Portrait – scale and setting

This is the first exercise for the module People and Place is part of the ‘People Aware’ project.

I was tasked with taking a series of four portraits. The series of photographs required me to concentrate on the setting, composition and to the amount of attention to place on the face. The four shots were to be:-

  • Face, cropped in close
  • Head and shoulders
  • Torso, taking in to account the hands and arms
  • Full figure

My first challenge here was to find a suitable model, someone who is confident in front of the camera and happy to take direction. I know plenty of people who say they are happy in fornt of the camera but when it comes to it the shots end up with them looking uncomfortable. This is also reflective of my lack of experience in directing them. Fortunately I found the right person and started the exercise by deciding that I would shoot him at his condo in a relaxed format. The idea was that with him in his vest and shorts and with palm trees behind him it would look as though he were on holiday whereas he is actually living here and behind him in the last shot is his condominium.

Below are the four shots I took and I will comment on them individually and than collectively at the end. Please click on an image for a larger resolution version.

Face, close crop. ISO 400, f/5.6, 1/40, 55mm

This photo was taken with a small depth of focus as I wanted to deliberately focus on the subject’s eye. I like the shot although the ridge of the nose is blown out. However, I don’t think this detracts from the overall effect too much. I have zoomed in to get this shot rather than move in close with a wide-angle lens so that the facial features remain in proportion. This was important for the continuity of the next shots in the series. I think the viewer will be drawn to the focussed eye immediately as it fills a good percentage of the frame, then they will explore the rest of the image from that point. This image offers nothing about the surroundings other than it is outside and quite bright. It tells the viewer that the subject has some stubble and is possibly in thought about something as he looks away from the camera.

Head and shoulders. ISO 400, f/8, 1/100, 55mm

I closed down the aperture a bit more in this shot to ensure the eyes were still focussed but that the background was out of focus. I think the viewer will still be drawn to the eyes but won’t linger there as long as there is more information on offer from the subject. Still looking away fromt he camera, the viewer realises that the subject’s attire is very casual with a vest and necklace and there are palm trees in the background. His stubble now seems to fit with the setting a bit more.

Torso, with arms and hands. ISO 400, f/5.6, 1/250, 35mm

I closed down the aperture again here to try and keep the background out of focus. It starts to become obvious that I am shooting ‘up’ at the subject, which is a fairly unusual angle, but necessary for the final shot to work and to keep continuity in the series. Now the viewer can also see a tattoo on the left arm. The arms are folded and hands hidden. Folded arms traditionally tell the viewer that there is a barrier, that the subject is being guarded against something but I don’t think facial expression tells that story. I think in this case the subject (to me) almost gives the impression they are waiting for something, which is what he is watching for. Possibly a little bored? The viewer’s eye is drawn again to the face due to the positioning of the face in frame. I think there is much less attention on the eyes and face here as the body language is quite strong. The background starts to show signs of building instead of just palm trees.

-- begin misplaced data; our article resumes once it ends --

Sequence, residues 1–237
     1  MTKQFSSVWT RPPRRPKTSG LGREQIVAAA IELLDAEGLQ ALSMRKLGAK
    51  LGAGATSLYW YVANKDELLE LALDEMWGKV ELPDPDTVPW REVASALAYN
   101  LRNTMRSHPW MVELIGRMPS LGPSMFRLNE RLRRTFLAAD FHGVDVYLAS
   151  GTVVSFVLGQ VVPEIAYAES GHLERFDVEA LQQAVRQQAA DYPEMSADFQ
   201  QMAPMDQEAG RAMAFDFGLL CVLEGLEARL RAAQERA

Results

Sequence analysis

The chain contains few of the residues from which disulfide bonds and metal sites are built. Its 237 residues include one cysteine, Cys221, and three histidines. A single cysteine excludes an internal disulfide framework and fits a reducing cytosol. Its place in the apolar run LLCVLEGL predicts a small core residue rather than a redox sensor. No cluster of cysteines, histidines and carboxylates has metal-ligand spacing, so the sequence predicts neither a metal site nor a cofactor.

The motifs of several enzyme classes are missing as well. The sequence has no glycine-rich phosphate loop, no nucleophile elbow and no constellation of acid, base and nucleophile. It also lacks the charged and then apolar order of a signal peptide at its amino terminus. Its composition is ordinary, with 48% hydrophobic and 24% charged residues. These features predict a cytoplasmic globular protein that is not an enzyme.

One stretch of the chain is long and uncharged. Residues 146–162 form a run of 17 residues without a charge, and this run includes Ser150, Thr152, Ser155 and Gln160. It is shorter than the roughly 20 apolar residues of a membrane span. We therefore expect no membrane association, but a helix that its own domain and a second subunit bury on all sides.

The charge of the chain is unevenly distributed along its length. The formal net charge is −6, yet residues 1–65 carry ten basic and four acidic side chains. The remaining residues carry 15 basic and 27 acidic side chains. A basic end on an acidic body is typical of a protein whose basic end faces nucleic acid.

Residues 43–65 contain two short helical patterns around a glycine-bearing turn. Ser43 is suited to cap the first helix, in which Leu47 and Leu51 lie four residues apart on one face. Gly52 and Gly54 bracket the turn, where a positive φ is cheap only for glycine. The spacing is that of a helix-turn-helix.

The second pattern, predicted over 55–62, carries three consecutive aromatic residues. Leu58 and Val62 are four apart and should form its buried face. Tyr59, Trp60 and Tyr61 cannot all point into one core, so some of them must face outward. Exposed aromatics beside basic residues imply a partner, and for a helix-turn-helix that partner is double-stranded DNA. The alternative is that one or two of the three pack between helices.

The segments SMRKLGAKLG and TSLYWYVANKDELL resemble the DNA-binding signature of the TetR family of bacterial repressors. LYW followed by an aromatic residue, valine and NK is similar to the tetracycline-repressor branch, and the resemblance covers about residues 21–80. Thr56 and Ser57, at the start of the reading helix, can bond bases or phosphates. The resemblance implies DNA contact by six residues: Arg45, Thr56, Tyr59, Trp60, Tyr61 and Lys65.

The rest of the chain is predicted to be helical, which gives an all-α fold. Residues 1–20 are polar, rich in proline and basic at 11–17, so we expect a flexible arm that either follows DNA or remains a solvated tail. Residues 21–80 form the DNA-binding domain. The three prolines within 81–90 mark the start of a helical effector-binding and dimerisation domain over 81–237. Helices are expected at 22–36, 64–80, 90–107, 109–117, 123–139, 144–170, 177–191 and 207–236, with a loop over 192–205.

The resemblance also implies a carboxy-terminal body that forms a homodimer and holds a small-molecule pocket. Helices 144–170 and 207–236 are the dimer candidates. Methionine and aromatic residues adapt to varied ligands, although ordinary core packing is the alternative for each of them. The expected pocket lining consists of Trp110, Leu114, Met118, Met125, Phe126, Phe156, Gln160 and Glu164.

Full figure. ISO 400, f/4.5, 1/400, 18mm

The final ‘full figure’ shot reveals that he is standing on a stepping stone in front of the apartments he lives in (although the viewer may well think this is a hotel or similar). In retrospect, I think I should have increased the depth of focus here to ensure good focus but I have kept the aperture quite wide. As I have tried to keep continuity with the way the subject is posed I think the viewer will first look at the subject (not necessarily to the face or eyes though) and then very quickly start to take in the environment around the subject. The pose itself is quite standard with arms crossed and feet shoulder width apart. Although in the previous shots it has looked perfectly normal it now looks slightly odd in the environment, which I quite like. The idea with this photo was to try and slightly surprise the viewer, as there has been no hint that the subject is standing in the middle of a paddling pool up to this point. It may make them ask the question ‘why’? The blue pool adds a good counter colour to the green of the trees.

Overall I’m quite pleased with the outcome of the portraits. It is not something I’m currently that comfortable with doing and so need more practise. Fortunately my subject was very easy going which made the shoot quite easy and the results pleasing.

Interestingly I also took all these shots with the subject smiling in them too. I found though, that as he wasn’t looking at the camera, it didn’t work. He looked like he had just seen something funny happening out of frame. So I went with the more serious expression. Had I chosen the smiling shots it would have told a whole different story.

My thanks to Gary Batchelor for modelling for me (www.garybatchelor.com).

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2 thoughts on “Portrait – scale and setting

  1. Really great shots, how lucky to have a relaxed model to work with, I would have been scared stiff lol. Yes, I was attracted to his eye in the first shot before I scrolled down to see what you had actually written so well done there. Keep up the good work and it looks far better weather there, than here :-(

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